The damage caused by Marshalls Mono Limited affected more than two kilometres of a West Yorkshire watercourse.

Marshalls has permission from the Environment Agency to discharge effluent from their Sovereign Quarry site in Shepley into a tributary of Shepley Dyke.

However, on 13 March last year a discharge by the company contained more than 10 times the permitted level of suspended solids – material which can be dangerous to fish and other creatures around the water.

Samples of the watercourse showed the level of suspended solids to be 485 milligrams per litre, compared to the permitted level of 40 milligrams per litre.

The company, based in Huddersfield, yesterday (21 April) pleaded guilty at Huddersfield Magistrates’ Court to one offence of breaching its discharge consent.

Magistrates fined Marshalls £3,000 and ordered it to pay prosecution costs of £4,098.09 and a victim surcharge of £15.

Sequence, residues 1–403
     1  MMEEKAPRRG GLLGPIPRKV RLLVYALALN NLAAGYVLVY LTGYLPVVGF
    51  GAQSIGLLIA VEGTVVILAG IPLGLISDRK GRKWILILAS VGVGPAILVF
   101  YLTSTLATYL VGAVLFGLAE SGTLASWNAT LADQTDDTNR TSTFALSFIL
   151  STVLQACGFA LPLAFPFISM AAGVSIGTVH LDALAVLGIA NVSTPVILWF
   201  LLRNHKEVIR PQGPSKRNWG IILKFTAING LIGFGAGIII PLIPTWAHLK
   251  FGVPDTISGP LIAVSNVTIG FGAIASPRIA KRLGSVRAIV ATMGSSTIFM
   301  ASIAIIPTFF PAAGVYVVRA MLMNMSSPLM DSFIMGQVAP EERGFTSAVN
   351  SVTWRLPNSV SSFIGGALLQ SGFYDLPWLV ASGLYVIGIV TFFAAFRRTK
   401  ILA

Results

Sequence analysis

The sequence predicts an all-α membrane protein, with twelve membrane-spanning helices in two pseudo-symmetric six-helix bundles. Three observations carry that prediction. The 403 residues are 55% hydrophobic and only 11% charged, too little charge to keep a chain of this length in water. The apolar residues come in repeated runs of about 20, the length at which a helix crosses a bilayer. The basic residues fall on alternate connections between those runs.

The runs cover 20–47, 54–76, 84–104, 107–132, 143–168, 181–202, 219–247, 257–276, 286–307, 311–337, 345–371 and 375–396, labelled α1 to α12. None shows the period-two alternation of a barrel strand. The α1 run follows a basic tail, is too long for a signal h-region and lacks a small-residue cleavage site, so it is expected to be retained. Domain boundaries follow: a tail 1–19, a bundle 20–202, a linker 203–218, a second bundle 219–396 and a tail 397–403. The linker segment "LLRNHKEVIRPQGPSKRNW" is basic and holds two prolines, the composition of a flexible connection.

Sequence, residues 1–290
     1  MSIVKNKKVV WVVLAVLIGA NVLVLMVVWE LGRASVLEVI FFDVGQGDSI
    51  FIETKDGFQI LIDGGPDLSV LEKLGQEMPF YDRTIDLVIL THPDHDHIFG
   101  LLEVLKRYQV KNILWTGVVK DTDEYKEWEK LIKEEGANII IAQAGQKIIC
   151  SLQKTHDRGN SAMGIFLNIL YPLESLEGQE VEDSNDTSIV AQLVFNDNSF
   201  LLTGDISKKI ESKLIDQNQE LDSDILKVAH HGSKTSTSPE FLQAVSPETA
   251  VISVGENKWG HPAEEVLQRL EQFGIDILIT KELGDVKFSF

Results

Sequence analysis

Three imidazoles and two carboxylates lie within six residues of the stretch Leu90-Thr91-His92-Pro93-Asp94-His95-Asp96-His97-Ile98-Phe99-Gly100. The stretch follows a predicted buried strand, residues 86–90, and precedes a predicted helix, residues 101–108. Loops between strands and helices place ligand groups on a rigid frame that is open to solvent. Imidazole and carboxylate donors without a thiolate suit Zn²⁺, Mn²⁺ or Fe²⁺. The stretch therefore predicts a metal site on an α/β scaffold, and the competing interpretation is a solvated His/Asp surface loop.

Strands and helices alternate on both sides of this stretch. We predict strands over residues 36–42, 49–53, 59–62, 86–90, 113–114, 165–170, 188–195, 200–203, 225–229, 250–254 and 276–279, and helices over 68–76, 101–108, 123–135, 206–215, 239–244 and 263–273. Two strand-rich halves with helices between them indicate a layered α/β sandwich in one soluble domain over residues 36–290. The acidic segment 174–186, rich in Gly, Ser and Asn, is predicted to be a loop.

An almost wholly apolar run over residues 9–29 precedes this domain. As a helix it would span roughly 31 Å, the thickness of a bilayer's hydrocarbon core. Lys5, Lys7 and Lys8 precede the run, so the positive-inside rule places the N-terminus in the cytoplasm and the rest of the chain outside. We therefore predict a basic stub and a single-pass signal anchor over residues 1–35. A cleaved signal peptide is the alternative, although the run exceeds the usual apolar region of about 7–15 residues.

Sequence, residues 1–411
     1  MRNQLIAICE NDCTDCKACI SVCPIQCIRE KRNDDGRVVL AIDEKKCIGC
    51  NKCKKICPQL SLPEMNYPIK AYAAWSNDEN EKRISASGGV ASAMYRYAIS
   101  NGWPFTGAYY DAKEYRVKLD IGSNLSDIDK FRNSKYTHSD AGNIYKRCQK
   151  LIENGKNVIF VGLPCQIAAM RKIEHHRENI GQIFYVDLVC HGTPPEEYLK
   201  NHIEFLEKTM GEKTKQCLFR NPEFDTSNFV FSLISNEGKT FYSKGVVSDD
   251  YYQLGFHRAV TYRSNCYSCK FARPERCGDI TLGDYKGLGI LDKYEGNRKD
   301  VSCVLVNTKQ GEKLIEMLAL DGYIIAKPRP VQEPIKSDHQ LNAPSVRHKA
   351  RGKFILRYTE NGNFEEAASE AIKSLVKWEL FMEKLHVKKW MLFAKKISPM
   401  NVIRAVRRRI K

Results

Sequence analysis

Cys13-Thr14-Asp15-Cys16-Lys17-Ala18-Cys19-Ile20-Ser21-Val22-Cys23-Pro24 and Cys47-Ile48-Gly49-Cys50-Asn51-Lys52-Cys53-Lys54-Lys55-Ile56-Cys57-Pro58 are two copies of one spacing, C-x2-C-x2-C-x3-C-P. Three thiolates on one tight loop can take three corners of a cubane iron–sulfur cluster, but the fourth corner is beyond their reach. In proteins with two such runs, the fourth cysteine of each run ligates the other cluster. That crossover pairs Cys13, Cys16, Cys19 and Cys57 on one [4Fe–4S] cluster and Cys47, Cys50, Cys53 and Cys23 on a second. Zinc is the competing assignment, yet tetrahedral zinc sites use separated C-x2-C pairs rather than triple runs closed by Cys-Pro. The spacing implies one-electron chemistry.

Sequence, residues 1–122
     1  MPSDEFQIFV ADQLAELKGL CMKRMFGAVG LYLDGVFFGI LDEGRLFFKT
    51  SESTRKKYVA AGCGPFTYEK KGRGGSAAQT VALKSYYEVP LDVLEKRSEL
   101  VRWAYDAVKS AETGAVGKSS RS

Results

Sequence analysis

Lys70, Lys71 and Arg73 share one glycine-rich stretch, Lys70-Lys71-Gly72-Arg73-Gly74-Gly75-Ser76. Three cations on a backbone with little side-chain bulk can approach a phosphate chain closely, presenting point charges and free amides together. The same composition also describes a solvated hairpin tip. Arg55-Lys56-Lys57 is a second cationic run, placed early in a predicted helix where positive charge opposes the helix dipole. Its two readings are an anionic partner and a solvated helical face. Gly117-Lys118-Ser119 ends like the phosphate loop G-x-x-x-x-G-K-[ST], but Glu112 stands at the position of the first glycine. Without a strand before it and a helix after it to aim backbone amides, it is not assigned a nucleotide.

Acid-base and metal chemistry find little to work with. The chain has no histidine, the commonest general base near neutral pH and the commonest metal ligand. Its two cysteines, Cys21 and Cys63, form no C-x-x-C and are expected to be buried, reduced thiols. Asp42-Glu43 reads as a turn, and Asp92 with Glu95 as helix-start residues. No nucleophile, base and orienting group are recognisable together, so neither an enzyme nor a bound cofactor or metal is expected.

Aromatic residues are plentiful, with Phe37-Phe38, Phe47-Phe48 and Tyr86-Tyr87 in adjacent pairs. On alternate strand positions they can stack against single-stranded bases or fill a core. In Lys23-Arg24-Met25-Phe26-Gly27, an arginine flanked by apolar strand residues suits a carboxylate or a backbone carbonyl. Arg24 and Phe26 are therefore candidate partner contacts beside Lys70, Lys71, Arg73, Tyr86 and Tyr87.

Trevor Cooper, for the prosecution told the magistrates’ the alarm was raised by a member of the public, who reported the tributary was a milky brown colour.

Environment Agency inspectors then visited the watercourse and could not see the bottom of the stream, even though it is only 30cms deep – this discolouration of the water was visible for more than 2.2km downstream.

Mr Cooper told the court the pollution could potentially have harmed plants, fish and invertebrates.

The company had admitted the offence in interview, when it said it had stopped pumping because the discharge was “not clean”.

However, Marshalls took no steps to stop the discharge from continuing to enter the watercourse.

Mr Cooper said Marshalls’ previous record was an aggravating feature – the company received warning letters from the Environment Agency about discharges from Sovereign Quarry in October 2006 and January 2007, and in October 2003 was fined after admitting three offences of polluting groundwater with effluent.

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